Spilling the Beans
Clarissa was born into wealth and privilege, as a child, shooting and hunting were the norm and pigeons were flown in from Cairo for supper. Her mother was an Australian heiress, her father was a brilliant surgeon to the Royal family. But he was also a tyrannical and violent drunk who used to beat her and force her to eat carrots with slugs still clinging to them. Clarissa was determined and clever, though, and her ambition led her to a career in the law. At the age of 21, she was the youngest ever woman to be called to the Bar. Then disaster struck when her adored mother died suddenly. It was to lead to a mind-numbing decade of wild over-indulgence. Rich from her inheritance, in the end Clarissa had partied away her entire fortune. It was a long, hard road to recovery along which Clarissa finally faced her demons and turned to the one thing that had always brought her joy - cooking. Now at last she has found success, sobriety - and peace. With the stark honesty and the brilliant wit we love her for, Clarissa recounts the tale of a life lived to extremes. A vivid and funny story, it is as moving as it is a cracking good read.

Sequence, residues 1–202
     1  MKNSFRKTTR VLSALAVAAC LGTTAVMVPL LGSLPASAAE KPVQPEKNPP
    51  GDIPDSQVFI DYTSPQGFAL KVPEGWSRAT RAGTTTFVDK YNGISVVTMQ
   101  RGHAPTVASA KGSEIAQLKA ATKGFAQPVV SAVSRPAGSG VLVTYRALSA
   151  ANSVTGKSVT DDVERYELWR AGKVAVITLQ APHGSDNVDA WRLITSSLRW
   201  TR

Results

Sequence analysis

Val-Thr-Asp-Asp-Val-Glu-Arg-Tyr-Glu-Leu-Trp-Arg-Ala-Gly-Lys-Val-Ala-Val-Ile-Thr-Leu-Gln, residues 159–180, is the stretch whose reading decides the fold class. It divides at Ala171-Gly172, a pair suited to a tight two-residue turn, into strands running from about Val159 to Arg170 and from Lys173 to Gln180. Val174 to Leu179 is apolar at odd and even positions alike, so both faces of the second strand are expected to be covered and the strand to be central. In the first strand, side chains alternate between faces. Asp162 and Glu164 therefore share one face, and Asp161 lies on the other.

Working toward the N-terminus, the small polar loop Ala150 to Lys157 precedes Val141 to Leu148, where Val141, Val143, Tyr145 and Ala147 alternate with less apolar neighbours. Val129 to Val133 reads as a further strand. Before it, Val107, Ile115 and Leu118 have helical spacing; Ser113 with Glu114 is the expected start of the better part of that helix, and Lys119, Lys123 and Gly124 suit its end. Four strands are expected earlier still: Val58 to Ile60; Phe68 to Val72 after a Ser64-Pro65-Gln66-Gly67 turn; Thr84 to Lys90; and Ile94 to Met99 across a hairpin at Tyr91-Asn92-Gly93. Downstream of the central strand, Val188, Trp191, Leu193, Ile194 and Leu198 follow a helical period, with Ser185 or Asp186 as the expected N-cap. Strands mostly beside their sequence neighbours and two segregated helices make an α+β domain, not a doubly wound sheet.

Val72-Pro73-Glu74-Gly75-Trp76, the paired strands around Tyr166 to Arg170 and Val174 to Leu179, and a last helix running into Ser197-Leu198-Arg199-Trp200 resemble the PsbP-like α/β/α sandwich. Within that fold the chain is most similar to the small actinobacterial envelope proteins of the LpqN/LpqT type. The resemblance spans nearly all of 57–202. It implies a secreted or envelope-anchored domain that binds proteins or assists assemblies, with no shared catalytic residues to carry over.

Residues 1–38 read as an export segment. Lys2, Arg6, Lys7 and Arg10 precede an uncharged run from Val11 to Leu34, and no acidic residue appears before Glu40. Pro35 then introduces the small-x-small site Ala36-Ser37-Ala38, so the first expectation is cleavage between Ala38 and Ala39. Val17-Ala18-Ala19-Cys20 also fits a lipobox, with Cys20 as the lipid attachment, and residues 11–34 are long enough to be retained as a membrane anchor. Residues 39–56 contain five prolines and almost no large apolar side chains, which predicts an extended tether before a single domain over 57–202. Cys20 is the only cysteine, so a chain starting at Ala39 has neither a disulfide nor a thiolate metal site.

- 124 x 142 x 10mm | 99.79g
- 01 Sep 2007
- Hodder & Stoughton General Division
- Hodder & Stoughton Ltd
- London, United Kingdom
- Unabridged edition
About Clarissa Dickson Wright
Clarissa Dickson-Wright found fame alongside Jennifer Paterson as one half of the much loved, TV cooking partnership Two Fat Ladies. She is the author of five cookery books including The Game Cookbook and, most recently, Sunday Roast, both with Johnny Scott. She is also a passionate supporter of the Countryside Alliance and of rural life and pursuits. She lives a little in London but mostly in Scotland.
'A strange and stunning autobiography. Clarissa Dickson Wright reads with vivid detachment' * Literary Review * Acclaim for Clarissa Dickson Wright's own reading of her autobiography on audio: 'Has lingered in my mind since I heard her voice crack with emotion, then firm up with doughy panache . . . hilarious and moving' * The Times *